Apr 20, 2016

The True Cost of Downtime

Shawn Anderson

Shawn Anderson

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Your organization will experience downtime at some point—it’s inevitable. These interruptions could impact a few users, a department, or the entire organization, including visible impact to your clients. Every minute an organization is not working there are productivity, financial, and reputational losses. An organization’s ability to quickly recover is directly related to their backup and business continuity solution.

Backup and business continuity go together and are a holistic solution to ensure the rapid recovery of your organization during a disaster scenario.

  • Backup – refers to the copying and archiving of data so it may be used to restore the original copy after a data loss event.

  • Business continuity – a defined set of plans, activities, and technologies, which are intended to ensure an organization’s critical business functions will continue to operate despite a disaster or interruption.

  • Interruption – an act or event that prevents the normal flow of operations within the organization.


Interruptions happen in two different forms: planned and unplanned.

Planned interruptions are known scheduled events. They are easier to handle as notifications and special arrangements can be made to minimize the impact to the organization or client. These events are often performed during off-business hours to further reduce impact. A few examples of planned interruptions include:

  • Server patching

  • Application upgrades

  • Database maintenance

  • Network upgrades/changes

Unplanned interruptions are a surprise event. These are the most challenging and dangerous, often happening without warning and usually during the worst possible time (Murphy’s law). Outages of this nature thrust IT into a reactionary mode, wasting precious minutes or even hours analyzing data and searching through log files trying to determine what’s happened and seeking resolution. A few examples of unplanned interruptions include:

  • Natural disasters

  • Human mistakes

  • Network failures

  • Hardware or software problems


Downtime can cost organizations anywhere from a few thousand dollars per minute to millions of dollars per hour.  Roughly 60% of organizations experience a service interruption each week, varying from a few minutes to several hours at a time. Many organizations look at a few minutes per week as acceptable—“It was an inconvenience, but we are back.”  Minutes add up, and over the course of a year you can quickly hit an hour or more in total downtime.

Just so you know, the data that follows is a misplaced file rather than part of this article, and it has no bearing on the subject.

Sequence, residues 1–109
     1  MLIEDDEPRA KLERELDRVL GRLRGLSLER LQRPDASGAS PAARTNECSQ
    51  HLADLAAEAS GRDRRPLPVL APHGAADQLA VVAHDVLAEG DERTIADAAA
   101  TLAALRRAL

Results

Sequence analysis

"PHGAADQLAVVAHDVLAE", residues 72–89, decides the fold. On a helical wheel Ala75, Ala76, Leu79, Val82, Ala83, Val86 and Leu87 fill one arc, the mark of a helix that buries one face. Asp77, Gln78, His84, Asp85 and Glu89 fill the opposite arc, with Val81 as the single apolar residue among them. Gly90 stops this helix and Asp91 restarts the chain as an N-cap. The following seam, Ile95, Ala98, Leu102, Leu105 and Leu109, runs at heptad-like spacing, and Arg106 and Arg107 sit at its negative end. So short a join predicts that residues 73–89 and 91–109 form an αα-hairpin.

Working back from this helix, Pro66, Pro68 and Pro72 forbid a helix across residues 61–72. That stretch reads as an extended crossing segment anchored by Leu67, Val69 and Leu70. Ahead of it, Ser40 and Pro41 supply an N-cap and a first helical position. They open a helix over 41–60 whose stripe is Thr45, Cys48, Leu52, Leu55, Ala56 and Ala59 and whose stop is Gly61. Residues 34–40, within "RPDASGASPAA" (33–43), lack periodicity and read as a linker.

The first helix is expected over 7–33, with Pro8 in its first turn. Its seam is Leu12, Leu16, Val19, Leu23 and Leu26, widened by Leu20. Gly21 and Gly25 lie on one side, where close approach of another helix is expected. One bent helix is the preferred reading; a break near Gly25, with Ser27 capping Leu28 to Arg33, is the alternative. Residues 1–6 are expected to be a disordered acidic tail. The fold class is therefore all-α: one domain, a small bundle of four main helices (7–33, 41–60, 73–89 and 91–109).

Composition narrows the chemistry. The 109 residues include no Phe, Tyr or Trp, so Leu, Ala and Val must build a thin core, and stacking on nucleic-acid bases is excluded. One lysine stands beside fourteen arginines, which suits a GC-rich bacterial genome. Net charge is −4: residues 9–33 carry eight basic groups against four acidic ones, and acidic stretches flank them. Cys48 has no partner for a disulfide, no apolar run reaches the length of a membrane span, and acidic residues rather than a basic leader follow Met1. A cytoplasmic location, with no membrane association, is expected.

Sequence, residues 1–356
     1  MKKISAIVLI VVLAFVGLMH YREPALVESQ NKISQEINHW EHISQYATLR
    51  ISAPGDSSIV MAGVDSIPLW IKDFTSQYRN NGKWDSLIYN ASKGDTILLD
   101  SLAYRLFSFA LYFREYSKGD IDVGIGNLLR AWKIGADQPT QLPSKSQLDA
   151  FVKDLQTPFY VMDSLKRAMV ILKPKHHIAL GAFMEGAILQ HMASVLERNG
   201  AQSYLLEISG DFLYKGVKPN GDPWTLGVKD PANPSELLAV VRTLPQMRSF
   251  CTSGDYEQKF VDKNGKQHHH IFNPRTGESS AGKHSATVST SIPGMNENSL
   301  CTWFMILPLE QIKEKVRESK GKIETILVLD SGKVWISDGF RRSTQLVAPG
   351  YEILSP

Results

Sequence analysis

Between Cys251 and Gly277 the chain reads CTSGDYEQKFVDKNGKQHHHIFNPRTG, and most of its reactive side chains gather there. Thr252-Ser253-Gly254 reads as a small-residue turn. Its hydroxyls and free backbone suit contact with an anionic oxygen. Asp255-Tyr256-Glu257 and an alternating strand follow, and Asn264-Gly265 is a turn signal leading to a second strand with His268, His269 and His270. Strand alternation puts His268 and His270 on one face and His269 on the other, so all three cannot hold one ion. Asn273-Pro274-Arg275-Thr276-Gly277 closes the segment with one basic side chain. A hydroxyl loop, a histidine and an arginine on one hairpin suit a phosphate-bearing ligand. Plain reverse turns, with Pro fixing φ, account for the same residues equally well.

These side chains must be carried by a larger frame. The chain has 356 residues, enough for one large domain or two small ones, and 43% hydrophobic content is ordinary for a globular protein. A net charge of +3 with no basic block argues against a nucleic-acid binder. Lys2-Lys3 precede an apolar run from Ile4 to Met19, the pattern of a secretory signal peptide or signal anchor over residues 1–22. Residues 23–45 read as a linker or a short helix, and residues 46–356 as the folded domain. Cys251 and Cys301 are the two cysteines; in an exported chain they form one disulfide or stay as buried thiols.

Let’s look at an organization that experiences a total of 15 minutes per quarter of downtime:

  • Annual company revenue: $118 million

  • Number of employees: 385

  • Average employee hours per week: 42.5

  • Average employee PTO per year: 120

  • Number of sales per year: 10,000

  • Estimated number of sales lost due to outage: 100

  • Total number of clients: 100,000

  • Total number of clients lost due to failure: 50

  • Total hours of system unavailability per year: 1

  • Percentage of staff unproductive during an outage: 25%

A company with revenue of $118 million per year that experiences only 15 minutes of downtime per quarter equals a yearly loss of $1.3 million. That’s a cost of $21,700 per minute. This does not include data re-entry, consulting services, nor reputation/trust damage with the clients. Reputation and trust are non-tangible objects that are very difficult to calculate in loss and are the hardest to recover from. Sometimes the effects are not realized for months or even years.

Next Steps

Unfortunately, it is not as simple as buying a product like a new server or software package. To achieve success, you must start at the beginning:

  • Have an in-depth understanding of critical business dependencies on technology.

  • Have a complete understanding of the risks associated with a service interruption.

  • Understand the true cost of a service interruption (downtime) per hour.

These three key areas will serve as the foundation and guiding principles during the design and implementation of the solution. Each of these areas directly impacts the processes, technology, and financial commitment necessary for the solution to be a success during a time of disaster.

Do you want to explore options to establish or improve your organization’s business continuity measures? Credera has extensive experience in designing, planning, and implementing business continuity solutions. If you have questions about this blog post, points of view, or IT infrastructure, please leave a comment below, e-mail us at, or contact us online.

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